But the burnt of intimidation and violence is directly felt by journalists and periodicals in the mofussil areas. Vested interests with the tacit and at times direct support of politicians have used mob fury to quash any "criticism and exposure". One of the most brutal incidents in this series was the rape and murder of Chhabirani Mahapatra and the torture and harassment of her husband, Naba Krishna Mahapatra in Orissa. According to the police investigation itself, criminals were hired to "teach a lesson" to Mahapatra had incurred the wrath of local businessmen and other politically influential people by exposing their corrupt practices. The collusion of the police with the culprits was more than clear in this case. Evidence showed that the police had been involved not only in efforts to hush up the matter when the culprits were exposed, but also in the subsequent kidnapping, torture and harassment of the journalist. Moreover, even after the incident became public and the police investigations themselves confirmed the events, the police filed a charge sheet not on the grounds of rape, murder and torture but of "wrongful confinement causing simple injury.... Out raging the modesty of a woman' and the like.
Around the same time, Youth Congress (I) members seiged the offices of three major newspapers in Bangalore. Neither the staff nor the published newspapers were allowed to come out of the office premises for the entire night. Even appeals to the highest officers of the state and later to the cabinet ministers of the Karnataka government had little effect. Even though a large contingent of police was present at the scene of the incident , they were apparently there only to ensure that the blockade was carried out peacefully. In any case the squatters were guilty of wrongful confinement of nearly 150 people and therefore liable to arrest. The tone of the government's approach had already been set in the evening when Gundu Rao, the Karnataka Chief Minister, castigated and threatened journalists for what he called "false reporting". The Youth Congress (I) action against the press came barely an hour after Gundu Rao's tirade.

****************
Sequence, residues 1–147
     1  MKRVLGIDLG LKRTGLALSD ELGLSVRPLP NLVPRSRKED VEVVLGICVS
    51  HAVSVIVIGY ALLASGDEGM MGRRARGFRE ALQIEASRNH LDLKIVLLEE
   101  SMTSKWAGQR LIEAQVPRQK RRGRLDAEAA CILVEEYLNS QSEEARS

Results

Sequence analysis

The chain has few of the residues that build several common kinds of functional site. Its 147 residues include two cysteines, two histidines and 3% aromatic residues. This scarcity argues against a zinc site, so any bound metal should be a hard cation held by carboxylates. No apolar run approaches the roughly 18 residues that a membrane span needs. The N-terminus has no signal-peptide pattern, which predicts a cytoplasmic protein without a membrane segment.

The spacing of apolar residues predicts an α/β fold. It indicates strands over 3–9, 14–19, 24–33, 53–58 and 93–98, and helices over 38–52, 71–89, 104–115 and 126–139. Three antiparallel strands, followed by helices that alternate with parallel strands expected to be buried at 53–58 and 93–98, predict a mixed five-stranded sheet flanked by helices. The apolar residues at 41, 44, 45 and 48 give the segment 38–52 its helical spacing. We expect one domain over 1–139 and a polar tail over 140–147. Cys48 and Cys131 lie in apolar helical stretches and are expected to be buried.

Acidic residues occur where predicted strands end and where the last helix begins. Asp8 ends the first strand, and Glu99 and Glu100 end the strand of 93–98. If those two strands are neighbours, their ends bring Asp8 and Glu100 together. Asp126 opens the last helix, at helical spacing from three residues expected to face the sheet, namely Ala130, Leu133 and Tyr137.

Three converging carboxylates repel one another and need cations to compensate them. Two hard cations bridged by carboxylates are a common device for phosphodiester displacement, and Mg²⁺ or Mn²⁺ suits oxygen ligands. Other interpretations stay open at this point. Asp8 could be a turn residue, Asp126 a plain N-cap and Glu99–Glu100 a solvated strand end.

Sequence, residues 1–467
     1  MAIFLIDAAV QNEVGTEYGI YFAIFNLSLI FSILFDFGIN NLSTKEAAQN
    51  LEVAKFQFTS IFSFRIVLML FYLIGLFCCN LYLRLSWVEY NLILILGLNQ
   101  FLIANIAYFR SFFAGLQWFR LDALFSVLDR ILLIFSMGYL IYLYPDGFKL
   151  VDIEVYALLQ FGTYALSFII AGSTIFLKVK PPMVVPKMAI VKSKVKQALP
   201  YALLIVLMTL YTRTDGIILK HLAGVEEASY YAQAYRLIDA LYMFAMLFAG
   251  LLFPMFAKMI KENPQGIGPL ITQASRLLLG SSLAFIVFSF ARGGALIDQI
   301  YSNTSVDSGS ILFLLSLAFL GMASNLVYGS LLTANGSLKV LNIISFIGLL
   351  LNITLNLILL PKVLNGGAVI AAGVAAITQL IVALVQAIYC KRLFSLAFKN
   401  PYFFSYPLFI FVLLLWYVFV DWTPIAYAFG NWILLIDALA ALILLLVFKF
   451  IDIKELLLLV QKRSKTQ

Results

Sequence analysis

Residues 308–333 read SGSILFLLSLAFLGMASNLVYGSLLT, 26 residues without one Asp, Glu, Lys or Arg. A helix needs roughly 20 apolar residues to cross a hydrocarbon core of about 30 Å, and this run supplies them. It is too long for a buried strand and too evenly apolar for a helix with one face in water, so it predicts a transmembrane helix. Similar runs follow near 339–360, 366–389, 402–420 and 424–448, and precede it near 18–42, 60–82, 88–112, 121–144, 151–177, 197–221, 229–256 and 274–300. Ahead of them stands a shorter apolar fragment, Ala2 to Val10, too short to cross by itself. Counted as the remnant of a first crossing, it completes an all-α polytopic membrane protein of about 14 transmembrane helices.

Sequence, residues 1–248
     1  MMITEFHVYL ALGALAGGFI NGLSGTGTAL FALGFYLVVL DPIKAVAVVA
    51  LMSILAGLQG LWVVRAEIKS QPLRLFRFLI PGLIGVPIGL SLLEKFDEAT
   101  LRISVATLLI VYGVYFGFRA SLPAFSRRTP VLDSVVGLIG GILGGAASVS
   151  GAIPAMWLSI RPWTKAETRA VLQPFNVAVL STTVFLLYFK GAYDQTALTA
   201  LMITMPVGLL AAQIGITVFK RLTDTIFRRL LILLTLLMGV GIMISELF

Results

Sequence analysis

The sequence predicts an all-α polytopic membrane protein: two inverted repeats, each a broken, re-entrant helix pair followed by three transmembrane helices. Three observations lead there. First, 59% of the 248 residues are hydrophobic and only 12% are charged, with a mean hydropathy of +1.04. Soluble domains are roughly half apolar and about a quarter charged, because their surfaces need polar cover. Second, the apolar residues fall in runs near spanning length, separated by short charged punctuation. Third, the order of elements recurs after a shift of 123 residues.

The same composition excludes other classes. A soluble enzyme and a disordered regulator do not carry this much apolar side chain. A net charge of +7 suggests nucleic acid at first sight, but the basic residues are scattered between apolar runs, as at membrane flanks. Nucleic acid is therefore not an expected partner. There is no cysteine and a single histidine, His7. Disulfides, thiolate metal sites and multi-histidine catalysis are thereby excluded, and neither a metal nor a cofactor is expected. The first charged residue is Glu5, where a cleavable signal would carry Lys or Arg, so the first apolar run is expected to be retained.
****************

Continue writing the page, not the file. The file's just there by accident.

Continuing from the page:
Threats and violence to press freedom arise also from a third source - the intolerance of other newspaper offices in Cuttack by medical students and another of assaulting the editor and some members of the staff of a newspaper in Varanasi point towards this dangerous trend. In Orissa, the offices of Prajtantra and Matrubhumi in Cuttack were ransacked by the students of the local medical college for not publishing a contradiction to a report alleging molestation of a woman student of the medical college. In Varanasi, the gang of toughs that beat up the editor and other staff members of Janavarta, were protesting against the publication of a report about a Swami who had allegedly been caught red-handed by railway workers in an unsavory escapade. The Janvarta report had also attributed some remarks against some local Swamis including Swami Karpatri and Bhagwan Awadhoot Ram.
The murder of eighty-two-year-old Lala Jagat Narain, the founder-editor of the Hind Samachar group of newspapers on September 9, 1981 marks another high point of this trend.
These then are some of the incidents and trends of repression and control of the Press. The pace of these various trends show no sign of abating. The frequency and range of these incidents erode the very base of democratic society. The time calls for an all round vigil.